Monday 1 December 2014

How to make Christmas mincemeat ...

Today my kitchen smells so good I don't want to go out ... .

I'm making my Christmas mincemeat, and the smell of fruit and spices is truly wonderful. It's the very aroma of Christmas itself, and totally guaranteed to restore your Christmas mojo if you're struggling to get excited about the festive season.

If you'd like to give it a go, it's really easy, and you can keep it in preserving jars to give as gifts or to use as and when people pop around for a catch-up over the holidays. At this time of the year I keep a few packets of pre-rolled puff pastry in the fridge so that I'm all ready to go if I need to scramble and knock out some mince pies and/ or sausage rolls at short notice.

Anyway here's what you'll need if you'd like to give my mincemeat a go:


1 large navel orange
1 large lemon
1 large Bramley apple, cored and chopped into smallish cubes. There's no need to peel it.
400 g mixed dried fruit - you can chose your favourite combination. I used: 125 g of dried barberries; 200 g mixed peel; 75 g of golden jumbo raisins and 100 g of black sultanas]
175 g of soft dark brown sugar
50 g almond slivers
150g shredded suet. I like to use Trex, a low-fat vegetarian alternative.
Grated nutmeg to taste
2 heaped teaspoonfuls of mixed spice
3 tablespoonfuls of brandy

And here's what you'll need to do:

1. Mix all of the ingredients except the brandy in an oven-proof saucepan. Grate the orange zest and lemon zest and add to the mixture. Juice the lemon and the orange and add the juice to the mixture as well. It is important to have everything mixed really well.

2. Place the lid on the saucepan and cook in an oven, pre-heated to 150º C, for 3 hours. Take it out halfway through and stir well. Then return to the oven for the remainder of the cooking time.

3. When it's cooked remove from the oven and allow to cool down, stirring it regularly as it cools to ensure that the fat coats everything evenly. Don't worry if it looks like it's drowning in fat: that's normal! Add the brandy, and stir again to mix it through.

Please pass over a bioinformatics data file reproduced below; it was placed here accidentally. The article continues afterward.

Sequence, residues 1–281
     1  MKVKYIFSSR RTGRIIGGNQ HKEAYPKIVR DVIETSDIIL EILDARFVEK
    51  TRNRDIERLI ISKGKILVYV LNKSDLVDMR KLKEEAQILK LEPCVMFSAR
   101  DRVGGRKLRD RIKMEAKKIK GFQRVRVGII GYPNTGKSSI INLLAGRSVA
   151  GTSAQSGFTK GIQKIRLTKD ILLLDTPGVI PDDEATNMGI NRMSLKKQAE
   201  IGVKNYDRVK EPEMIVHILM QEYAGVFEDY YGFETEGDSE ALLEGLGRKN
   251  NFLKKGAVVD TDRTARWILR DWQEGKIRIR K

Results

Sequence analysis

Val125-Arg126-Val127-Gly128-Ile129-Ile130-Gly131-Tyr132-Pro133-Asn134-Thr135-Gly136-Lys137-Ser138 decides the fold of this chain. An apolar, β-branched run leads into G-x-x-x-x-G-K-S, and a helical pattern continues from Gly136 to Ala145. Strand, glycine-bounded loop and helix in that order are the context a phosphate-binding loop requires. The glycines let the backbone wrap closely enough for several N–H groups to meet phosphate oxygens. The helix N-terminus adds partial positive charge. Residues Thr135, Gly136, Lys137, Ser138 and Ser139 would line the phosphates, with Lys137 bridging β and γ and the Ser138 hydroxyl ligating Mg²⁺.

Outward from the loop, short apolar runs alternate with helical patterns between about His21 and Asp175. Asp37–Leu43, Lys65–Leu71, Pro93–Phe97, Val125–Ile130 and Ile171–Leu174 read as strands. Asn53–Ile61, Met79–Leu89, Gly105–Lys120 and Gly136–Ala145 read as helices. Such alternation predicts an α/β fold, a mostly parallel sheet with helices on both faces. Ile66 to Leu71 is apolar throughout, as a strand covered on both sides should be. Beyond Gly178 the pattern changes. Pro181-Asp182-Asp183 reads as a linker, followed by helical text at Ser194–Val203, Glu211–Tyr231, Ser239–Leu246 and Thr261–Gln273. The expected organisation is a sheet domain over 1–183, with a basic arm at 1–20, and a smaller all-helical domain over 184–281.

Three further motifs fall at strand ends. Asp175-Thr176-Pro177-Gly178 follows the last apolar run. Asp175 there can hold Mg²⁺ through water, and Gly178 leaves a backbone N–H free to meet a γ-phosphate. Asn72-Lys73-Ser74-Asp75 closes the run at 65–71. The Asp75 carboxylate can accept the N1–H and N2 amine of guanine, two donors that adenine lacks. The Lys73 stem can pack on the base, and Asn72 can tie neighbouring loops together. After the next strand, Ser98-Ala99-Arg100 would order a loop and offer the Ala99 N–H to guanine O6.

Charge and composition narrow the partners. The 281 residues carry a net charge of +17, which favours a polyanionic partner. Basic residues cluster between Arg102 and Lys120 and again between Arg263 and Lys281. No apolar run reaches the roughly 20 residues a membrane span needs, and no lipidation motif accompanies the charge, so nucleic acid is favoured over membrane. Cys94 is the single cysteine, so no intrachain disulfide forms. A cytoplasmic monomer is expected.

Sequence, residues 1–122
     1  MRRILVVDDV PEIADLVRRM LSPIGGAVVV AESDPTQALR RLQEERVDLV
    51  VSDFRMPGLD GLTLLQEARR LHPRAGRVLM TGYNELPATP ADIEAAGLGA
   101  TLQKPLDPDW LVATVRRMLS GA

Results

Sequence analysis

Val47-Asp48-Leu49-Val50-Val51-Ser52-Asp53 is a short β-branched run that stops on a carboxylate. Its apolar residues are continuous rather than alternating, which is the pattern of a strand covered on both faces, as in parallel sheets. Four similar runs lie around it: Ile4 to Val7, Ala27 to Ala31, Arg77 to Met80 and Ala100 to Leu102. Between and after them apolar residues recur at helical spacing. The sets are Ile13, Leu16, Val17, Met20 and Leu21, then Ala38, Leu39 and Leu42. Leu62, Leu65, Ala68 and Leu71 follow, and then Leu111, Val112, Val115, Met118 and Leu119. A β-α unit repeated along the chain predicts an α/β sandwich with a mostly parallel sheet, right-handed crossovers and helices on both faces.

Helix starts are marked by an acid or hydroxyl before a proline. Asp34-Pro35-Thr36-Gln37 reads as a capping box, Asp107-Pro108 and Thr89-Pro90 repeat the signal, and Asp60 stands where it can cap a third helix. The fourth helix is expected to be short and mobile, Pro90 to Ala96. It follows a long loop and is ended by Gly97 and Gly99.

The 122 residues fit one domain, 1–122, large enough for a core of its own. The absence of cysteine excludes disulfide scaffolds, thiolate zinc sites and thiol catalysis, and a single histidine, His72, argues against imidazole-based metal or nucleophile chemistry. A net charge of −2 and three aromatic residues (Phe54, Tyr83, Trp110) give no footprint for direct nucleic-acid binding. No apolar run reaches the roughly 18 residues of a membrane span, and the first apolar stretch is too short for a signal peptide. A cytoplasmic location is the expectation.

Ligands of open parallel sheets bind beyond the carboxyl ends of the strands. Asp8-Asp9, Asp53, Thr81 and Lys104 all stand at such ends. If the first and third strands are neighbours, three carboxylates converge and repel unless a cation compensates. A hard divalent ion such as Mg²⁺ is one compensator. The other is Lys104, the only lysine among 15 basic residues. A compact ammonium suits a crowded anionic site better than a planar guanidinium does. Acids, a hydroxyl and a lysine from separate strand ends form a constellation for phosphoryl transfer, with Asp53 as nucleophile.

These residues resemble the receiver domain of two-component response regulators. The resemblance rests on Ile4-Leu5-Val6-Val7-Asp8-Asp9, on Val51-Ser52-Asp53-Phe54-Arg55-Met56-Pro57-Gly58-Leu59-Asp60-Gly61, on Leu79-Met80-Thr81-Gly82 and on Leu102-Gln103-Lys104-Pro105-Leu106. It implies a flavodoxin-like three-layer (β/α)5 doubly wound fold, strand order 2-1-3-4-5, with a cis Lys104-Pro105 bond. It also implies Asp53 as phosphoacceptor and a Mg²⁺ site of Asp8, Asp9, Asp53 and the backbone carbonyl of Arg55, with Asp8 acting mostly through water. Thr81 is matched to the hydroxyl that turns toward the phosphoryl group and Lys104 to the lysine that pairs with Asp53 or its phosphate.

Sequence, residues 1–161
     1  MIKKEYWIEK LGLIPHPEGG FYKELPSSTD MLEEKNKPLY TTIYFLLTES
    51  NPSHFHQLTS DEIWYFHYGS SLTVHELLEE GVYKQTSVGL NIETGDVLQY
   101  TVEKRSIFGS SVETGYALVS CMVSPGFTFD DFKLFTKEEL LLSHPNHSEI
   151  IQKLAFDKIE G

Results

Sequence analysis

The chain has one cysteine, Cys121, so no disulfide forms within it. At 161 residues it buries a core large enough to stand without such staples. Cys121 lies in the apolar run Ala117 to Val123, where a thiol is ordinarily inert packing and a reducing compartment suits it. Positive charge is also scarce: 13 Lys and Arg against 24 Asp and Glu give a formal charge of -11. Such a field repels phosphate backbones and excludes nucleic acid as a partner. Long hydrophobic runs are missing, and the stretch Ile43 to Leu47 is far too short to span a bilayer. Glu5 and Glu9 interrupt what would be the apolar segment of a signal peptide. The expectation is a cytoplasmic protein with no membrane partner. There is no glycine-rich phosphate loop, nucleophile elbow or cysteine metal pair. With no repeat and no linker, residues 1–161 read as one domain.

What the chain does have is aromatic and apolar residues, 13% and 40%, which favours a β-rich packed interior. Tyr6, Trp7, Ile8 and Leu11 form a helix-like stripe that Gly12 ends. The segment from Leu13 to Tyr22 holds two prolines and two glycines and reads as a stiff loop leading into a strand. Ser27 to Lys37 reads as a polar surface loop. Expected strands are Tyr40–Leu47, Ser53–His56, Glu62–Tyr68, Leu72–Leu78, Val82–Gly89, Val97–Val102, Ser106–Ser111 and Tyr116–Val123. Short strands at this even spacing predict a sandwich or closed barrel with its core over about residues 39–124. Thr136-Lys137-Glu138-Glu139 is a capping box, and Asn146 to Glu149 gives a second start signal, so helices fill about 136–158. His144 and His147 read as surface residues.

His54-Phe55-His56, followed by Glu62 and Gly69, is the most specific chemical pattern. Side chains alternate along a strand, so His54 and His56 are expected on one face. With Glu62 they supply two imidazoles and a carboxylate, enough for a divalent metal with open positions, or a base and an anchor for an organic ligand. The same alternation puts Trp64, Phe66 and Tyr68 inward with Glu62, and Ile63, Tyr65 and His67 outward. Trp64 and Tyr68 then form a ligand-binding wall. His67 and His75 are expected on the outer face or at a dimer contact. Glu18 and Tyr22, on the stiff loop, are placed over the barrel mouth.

4. Bottle in sterilised jam jars sealed with wax seals.

You should sterilise your jam jars by washing them thoroughly in warm water, drying them on the outside only and placing them open end up, in an oven that's been pre-heated to 150º C for at least 20 minutes. Wash the screw top lids and place them inside side up in the oven for 20 minutes also. I explained how to do it here: Clementine and Cardamon Marmalade.

All the best for now,

Bonny x


  1. Your pictures are great. I loved your staircase, a few posts back. It looks like walnut.
    We're not lovers of mincemeat but your post made me unmearth my recipe for Xmas cake, which has many of those ingredients in. I used to bake it in coffee tins, to get round slices.
    Want to see my sox?

    1. Thank you. Our staircase is English oak with a mahogany hand rail. The oak is stained to about a walnut colour so you're not far off. What a great idea to bake in coffee tins. I'm all in favour of up-cycling. My principal obsession at the moment is glass jam jars. I just can't throw those babies out. I'd love to see your sox. I'm going to do a post about Emi's, but I keep getting distracted by Christmas stuff. All the best and thanks for stopping by, Bonny

  2. I knew it! We are sisters under the skin.
    Jam jars is only the tip of the iceberg. The glas Patak curry sauce jars are brilliant too, and of course, I have a passion for Evian bottles. Seeing that I drink nothing else, even for coffee and tea, we have thousands of them, I use them for so many things. You'd be surprised.
    Where can I find your email address so I can invite you to my private blog. I'll put my sox on there too.
    What goes inside those woolly globes to keep the shape?

    1. Gosh I'm intrigued to know what you do with all the Evian bottles.
      I put soft toy stuffing inside the woolly globes to keep their shape.
      Thank you, I'd be honoured to be included in the readership of your private blog. I will leave you a message with my e-mail address and look forward to seeing the sox.
      All the best and thanks for stopping by, Bonny

    2. sox and bottles are up. You got the invite?

  3. I am not a big mince meat / mince pie lover, but I do admit I love its smell, it's so Christmassy. :) Is it true that originally British mince pies always contained real meat too?
    Sweet dreams, Bonny.

    1. Yes, the smell is the very essence of Christmas. I think you're right: they did originally include meat as well. Maybe the sweet of the fruit helped disguise the taste if the meat was a bit off - yuck! So glad to live in a land of plenty with refrigeration and good food hygiene. All the best and thanks for stopping by, Bonny